NCSU researchers urge caution in using social media to scout job applicants

dblustein@newsobserver.comJuly 14, 2013 

Lori Foster Thompson

KELSEY PEEBLES

— Before making job offers, some employers scour social media sites such as Facebook to try to glean unfiltered information about prospective employees.

But this approach to screening applicants may actually eliminate good candidates, according to researchers at N.C. State University.

“Employers beware,” said Will Stoughton, 29, a graduate student in the psychology department and an author on a study published this month.

According to the study, those pictures of alcohol and drugs that everyone warns against putting on Facebook don’t necessarily reflect the poster’s conscientiousness as a worker. Rather, the photos may indicate that the photo poster was more of an extrovert, an attribute that may be desirable to an employer.

“We looked at what does the Facebook behavior reflect as far as personality,” Stoughton said.

Lori Foster Thompson, 41, professor of psychology at NCSU, says a lot of attention is focused on what job applicants are doing on Facebook, but there isn’t much known about how employers are using that information.

One Facebook activity that could raise a red flag for employers is badmouthing. People who criticized superiors and peers on Facebook were low in agreeableness and conscientiousness, Stoughton said.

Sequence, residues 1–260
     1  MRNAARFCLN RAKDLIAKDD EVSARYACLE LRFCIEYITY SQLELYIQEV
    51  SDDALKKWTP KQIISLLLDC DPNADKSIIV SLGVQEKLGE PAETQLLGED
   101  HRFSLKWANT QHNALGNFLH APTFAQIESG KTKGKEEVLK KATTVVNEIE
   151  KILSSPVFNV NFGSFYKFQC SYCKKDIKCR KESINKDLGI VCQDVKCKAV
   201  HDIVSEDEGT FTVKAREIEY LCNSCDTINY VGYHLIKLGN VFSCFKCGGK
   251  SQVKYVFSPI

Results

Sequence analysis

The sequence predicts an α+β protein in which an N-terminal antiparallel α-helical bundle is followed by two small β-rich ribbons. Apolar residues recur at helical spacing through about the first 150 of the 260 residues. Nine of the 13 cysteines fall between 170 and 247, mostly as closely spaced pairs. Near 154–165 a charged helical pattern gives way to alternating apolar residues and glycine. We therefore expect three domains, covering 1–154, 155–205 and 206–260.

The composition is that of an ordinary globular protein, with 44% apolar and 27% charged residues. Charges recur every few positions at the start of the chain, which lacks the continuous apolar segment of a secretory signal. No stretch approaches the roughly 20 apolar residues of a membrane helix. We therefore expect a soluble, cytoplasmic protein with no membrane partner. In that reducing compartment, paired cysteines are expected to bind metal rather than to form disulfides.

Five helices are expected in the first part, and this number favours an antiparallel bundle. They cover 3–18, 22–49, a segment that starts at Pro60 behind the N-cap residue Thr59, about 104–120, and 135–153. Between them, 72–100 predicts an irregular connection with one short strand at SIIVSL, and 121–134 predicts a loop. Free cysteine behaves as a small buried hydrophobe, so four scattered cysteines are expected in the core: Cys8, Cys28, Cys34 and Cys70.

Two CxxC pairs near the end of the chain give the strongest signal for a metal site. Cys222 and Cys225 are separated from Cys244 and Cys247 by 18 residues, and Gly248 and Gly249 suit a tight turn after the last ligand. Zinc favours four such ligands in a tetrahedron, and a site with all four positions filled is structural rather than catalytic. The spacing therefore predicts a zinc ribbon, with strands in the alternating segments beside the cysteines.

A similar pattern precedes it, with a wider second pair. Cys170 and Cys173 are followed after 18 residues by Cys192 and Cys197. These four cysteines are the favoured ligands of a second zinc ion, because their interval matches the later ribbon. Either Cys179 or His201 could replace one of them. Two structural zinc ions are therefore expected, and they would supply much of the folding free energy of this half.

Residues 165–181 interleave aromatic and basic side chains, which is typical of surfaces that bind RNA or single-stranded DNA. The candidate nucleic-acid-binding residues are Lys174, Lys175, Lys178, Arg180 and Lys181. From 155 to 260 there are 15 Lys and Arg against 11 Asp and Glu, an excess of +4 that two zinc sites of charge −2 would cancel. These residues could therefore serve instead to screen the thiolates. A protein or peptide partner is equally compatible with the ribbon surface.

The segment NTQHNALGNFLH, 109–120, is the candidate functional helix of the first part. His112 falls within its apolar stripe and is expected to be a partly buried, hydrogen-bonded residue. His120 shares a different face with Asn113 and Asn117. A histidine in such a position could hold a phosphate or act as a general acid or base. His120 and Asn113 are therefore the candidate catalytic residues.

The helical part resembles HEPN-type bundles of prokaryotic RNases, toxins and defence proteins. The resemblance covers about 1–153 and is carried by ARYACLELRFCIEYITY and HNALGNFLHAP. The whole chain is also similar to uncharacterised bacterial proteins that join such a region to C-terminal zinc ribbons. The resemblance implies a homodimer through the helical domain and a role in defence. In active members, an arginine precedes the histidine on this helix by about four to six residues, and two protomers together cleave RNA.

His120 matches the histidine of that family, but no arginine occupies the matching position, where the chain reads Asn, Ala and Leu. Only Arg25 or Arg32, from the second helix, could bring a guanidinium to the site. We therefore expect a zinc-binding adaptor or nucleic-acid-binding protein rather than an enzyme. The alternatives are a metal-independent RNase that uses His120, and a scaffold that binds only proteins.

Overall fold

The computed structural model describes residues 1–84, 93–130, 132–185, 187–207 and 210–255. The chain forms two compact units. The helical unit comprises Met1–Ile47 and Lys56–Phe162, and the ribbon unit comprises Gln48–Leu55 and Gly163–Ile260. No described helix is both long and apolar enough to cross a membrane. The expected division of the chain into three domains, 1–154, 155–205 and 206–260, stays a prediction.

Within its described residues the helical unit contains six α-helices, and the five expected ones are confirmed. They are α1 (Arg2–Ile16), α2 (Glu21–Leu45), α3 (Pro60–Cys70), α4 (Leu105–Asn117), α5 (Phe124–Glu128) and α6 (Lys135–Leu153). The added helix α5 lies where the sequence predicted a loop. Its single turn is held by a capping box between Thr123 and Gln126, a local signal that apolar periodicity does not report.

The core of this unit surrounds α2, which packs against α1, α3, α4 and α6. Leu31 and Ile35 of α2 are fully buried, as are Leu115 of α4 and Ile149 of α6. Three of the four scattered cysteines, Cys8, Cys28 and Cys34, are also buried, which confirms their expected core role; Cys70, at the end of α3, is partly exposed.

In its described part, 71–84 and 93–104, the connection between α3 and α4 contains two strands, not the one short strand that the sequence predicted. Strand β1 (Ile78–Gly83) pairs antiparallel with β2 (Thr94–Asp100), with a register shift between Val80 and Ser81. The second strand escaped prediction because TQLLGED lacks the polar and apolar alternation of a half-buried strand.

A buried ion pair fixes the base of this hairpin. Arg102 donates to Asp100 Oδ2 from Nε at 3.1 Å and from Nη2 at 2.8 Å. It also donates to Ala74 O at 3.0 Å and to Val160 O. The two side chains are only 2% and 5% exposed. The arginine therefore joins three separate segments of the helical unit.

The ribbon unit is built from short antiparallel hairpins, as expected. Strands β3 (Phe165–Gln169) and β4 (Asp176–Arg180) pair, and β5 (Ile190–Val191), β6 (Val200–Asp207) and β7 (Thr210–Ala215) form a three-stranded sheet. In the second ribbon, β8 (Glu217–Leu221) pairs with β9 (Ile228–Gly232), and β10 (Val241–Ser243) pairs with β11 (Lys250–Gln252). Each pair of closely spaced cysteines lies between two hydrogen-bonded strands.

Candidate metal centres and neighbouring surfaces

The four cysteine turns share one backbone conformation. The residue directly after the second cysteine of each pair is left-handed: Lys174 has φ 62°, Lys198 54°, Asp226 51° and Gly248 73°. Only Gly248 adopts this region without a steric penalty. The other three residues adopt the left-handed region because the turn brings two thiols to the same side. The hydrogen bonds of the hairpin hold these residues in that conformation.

So Facebook profiles aren’t useless, Thompson said: “We just don’t know enough yet to use them in a valid way.”

Local employers declined requests to speak about hiring practices, but a CareerBuilder.com survey from 2012 found that 37 percent of employers nationwide reported using social networking sites to research job candidates. Drinking or drug content and badmouthing observed on social media sites were among the leading examples cited for causing an employer not to hire someone.

In their study, the NCSU researchers first assessed the personality traits of college students applying for a temporary, paid position through an online application. A follow-up survey two weeks later was administered to collect data about the applicants’ Facebook behavior. The researchers analyzed the data to find out which personality characteristics were related to specific social media activities.

More work remains

Both Stoughton and Thompson call themselves scientist-practitioners. They conduct research in the lab and apply their findings to real-world situations. Stoughton has been working with the Marines and the Army to help assess the skills of Special Forces’ operators.

The research team hopes to use data to develop an effective approach for using social media in employee assessments.

But more work must be done.

The lab is busy looking at how applicants react to an employer looking them up on Facebook, something that can create a culture of mistrust between employer and applicant, Thompson said.

And Stoughton described another potential problem with Facebook use: guilt by association. Even the most careful Facebook user can be at risk of judgment when a friend posts a compromising photo.

However, these NCSU researchers have found a way to avoid these Facebook issues in their own lives. With his graduate school and military work, and his love of spending time outdoors, Stoughton says he is too busy to have his own Facebook account.

And Thompson is Facebook-free, too.

Blustein: 919-829-4627

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